3D animation, sound, duration 00:03:58sec
Dream Job full video
Reddit: a website community for people to discuss any topic in forums called 'subreddits' or just 'subs'. In 2023 the 10th most visited website in the world.
Antiwork: Unemployment for all, not just the rich!: a subreddit for those who want to end work, are curious about ending work, want to get the most out of a work-free life, want more information on anti-work ideas and want personal help with their own jobs/work-related struggles.
The Antiwork subreddit is in the top 1% largest communities on Reddit and during the covid pandemic grew from 13k members in 2019 to 2.6M members in 2023.
Brad Darkson in collaboration with 2.6million people
Lead animator – Thom Dickson
Animation consultant – Arthur Ah Chee
A Liquid Architecture / Disclaimer and Sydney Opera House / Shortwave commission
Thanks to Liang Luscombe for curatorial and ACOLAB Tarntanya (Adelaide) for animation assistance
‘Liberals say we should end employment discrimination. I say we should end employment.’
— Bob Black, ‘The Abolition of Work’1
From longer work hours, to increased demands at home in which work and home life has been completely blurred; as the COVID-19 pandemic grew, so has employee anti-work sentiment. One of the online centres of this discourse has been the subreddit ‘r/antiwork’, which in 2023 has 2.6 million members, making it the top 1% largest community on Reddit and in fact the 10th most visited website in the world. A subreddit that considers what life without work might look like, it provides a space for workers to share their endlessly fucked-up job experiences to discussions of anti-bullying tactics, quitting, advocacy for ongoing labour strikes, and the four-day work week. The many conversations and frustrated posts found here provides the core of Brad Darkson’s new video commission Dream Job (2023) in which we hear directly from these workers, their posts turned into the video’s increasingly vocal chorus. In contrast, we take up the camera’s point of view as management, gliding rather mechanically above a surreal world of empty computer workstations that stretch far out into the horizon — perhaps a scene of digital workers refusing to return to the office — to find the location of the unseen employee chorus.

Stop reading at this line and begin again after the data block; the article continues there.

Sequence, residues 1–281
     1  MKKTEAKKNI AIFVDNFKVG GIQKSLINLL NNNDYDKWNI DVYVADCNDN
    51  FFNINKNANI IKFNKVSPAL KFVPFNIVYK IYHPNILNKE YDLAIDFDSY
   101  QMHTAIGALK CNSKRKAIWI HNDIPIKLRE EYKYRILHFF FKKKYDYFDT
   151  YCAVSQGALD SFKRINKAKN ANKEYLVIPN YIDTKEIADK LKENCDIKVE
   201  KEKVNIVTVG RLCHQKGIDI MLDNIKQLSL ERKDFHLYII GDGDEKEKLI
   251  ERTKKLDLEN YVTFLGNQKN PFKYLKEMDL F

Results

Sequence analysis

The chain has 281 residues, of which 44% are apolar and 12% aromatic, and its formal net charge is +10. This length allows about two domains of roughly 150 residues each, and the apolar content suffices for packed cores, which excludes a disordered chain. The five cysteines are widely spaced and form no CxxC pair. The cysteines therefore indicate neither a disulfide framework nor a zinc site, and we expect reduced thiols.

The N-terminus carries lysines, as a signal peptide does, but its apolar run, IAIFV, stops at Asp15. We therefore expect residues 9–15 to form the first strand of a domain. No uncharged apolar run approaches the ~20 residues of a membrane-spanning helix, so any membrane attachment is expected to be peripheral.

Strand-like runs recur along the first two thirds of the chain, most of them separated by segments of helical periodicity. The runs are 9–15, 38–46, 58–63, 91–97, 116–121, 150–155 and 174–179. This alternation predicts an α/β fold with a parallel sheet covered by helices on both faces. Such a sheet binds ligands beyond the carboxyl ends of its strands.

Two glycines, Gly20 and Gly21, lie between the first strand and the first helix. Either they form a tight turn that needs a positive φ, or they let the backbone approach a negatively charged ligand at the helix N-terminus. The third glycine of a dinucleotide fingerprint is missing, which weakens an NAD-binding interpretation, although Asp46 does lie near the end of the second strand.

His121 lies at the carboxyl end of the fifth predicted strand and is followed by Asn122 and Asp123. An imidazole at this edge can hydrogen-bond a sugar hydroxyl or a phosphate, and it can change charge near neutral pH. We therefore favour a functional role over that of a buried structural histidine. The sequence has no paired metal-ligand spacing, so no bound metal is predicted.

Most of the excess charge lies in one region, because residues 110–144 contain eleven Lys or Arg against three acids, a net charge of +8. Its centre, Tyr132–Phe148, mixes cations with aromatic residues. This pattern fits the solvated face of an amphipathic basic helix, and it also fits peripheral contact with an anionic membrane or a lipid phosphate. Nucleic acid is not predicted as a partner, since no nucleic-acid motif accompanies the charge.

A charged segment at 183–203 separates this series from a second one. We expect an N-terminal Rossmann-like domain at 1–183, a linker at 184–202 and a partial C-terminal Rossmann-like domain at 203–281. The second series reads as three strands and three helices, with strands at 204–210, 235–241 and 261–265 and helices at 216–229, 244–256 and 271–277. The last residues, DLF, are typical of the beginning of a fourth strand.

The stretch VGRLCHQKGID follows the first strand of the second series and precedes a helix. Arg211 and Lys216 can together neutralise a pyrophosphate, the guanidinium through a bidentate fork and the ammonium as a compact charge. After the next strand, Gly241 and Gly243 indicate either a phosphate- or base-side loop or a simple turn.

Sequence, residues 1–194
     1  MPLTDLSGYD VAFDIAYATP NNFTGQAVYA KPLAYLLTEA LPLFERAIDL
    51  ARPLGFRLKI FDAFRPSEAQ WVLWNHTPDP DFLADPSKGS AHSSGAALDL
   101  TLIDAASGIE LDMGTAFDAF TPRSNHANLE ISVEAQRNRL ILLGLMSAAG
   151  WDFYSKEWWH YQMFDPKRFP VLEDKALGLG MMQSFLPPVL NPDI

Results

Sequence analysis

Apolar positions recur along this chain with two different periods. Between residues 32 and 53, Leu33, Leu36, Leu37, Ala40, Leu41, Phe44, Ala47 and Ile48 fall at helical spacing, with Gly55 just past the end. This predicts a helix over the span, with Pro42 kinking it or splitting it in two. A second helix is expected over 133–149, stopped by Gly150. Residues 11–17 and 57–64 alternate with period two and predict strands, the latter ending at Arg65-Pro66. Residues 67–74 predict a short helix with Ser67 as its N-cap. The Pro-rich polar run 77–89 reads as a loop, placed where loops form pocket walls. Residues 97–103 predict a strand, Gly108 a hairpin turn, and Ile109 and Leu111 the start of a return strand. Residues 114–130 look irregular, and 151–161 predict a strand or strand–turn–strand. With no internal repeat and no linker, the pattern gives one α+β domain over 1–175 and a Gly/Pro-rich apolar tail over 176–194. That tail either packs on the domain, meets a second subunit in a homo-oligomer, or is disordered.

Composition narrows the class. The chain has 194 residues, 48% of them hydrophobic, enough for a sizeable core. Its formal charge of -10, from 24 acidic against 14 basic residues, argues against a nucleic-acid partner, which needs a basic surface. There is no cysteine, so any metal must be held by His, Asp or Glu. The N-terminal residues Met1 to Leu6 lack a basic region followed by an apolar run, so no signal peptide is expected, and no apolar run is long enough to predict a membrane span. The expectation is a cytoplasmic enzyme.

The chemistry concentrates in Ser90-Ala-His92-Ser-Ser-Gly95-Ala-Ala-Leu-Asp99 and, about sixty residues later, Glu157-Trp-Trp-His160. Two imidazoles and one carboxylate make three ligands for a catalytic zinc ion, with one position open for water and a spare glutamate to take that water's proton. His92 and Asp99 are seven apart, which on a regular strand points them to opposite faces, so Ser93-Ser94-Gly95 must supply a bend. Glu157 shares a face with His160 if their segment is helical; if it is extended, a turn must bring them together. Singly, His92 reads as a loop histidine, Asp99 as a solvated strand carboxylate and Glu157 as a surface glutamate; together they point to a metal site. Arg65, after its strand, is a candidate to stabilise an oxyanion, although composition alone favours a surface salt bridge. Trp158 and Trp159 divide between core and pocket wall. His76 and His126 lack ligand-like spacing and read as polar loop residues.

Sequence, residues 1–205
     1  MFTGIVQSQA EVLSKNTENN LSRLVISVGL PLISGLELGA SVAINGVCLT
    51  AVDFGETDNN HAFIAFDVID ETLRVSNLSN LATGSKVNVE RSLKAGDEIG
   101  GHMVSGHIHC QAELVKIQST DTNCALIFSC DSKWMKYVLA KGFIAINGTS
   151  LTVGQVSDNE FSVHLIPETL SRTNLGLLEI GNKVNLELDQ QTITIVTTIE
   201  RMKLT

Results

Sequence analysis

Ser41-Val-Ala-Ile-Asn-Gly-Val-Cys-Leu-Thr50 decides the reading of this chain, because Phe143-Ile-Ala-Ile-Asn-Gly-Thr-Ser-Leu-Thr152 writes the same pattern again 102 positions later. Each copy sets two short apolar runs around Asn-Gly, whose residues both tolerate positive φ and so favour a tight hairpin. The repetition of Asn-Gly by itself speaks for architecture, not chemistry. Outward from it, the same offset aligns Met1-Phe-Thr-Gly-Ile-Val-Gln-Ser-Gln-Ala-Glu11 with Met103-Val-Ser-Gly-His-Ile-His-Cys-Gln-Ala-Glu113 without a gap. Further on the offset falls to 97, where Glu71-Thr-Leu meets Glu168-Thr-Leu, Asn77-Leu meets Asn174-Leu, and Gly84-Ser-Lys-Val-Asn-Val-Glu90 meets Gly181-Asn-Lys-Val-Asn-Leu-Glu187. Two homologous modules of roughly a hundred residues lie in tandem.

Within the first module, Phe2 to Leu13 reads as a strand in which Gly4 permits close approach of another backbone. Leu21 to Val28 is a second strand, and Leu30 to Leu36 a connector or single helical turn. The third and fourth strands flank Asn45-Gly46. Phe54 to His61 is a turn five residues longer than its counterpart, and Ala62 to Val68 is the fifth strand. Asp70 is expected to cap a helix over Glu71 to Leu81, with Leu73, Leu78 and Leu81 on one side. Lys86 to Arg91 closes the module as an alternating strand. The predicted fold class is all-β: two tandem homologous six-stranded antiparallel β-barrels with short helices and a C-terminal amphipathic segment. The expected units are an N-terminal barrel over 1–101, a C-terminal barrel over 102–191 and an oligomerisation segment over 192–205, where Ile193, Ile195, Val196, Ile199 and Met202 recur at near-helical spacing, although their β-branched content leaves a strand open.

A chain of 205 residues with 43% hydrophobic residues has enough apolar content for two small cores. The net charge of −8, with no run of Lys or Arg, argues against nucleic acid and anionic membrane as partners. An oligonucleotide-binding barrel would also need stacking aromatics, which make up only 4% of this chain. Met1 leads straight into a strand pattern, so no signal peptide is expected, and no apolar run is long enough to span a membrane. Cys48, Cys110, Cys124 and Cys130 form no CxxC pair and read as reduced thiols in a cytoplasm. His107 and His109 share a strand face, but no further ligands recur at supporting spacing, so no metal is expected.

Both across the sea of computers and the numerous speakers discussing abusive bosses and poor work conditions, Darkson dramatizes the angry assembly, one speaker advising another to document all HR correspondence, another wishing they could work four hours a day so they could spend more time with their toddler, each trying to make sense of why labour has been constructed in this draconian and often ineffective manner. David Graeber also attempted to answer this through the identification of the perverse phenomena of managerial feudalism2 which Graeber describes in an interview with The Economist, ‘They keep adding new managerial positions in between the people producing stuff and the guys ultimately paying for it, often whose only role is to sit around all day trying to sell things to each other. Health and education are equally hard hit: managers now feel they need to each have their little squadron of assistants, who often have nothing to do, so they end up making up new exotic forms of paperwork for the teachers, doctors, nurses… who thus have ever less time to actually teach or treat or care for anyone.’ 3 This results in less of the value of work being seen in what it actually produces, and thus, the experience of the work for the worker (both its enjoyment in undertaking and the gratification of knowing ones work benefits others) is seen as lower in value.4
Dream Job strangely feels like an audio recording of after-work drinks. Unlike the 2022 television show Severence, in which the employees who work on the so-called severance floor at corporation Lumon Industries remember nothing of what happens in the office (each having undergone a surgical procedure in which their consciousness is literally severed between work and home), Darkson’s speakers are haunted by work. This haunting spills over into Severence too, where the ‘innie’ workers, who are cut off from their home lives are subjected to more surreal and intolerable work conditions, begin to question the motives of their bosses and form worker solidarity. In Dream Job the solidarity of the chorus feels central to both reveal the peril of workplaces without unionisation, and the powerful discontent closed within the cubicle walls.
— Liang Luscombe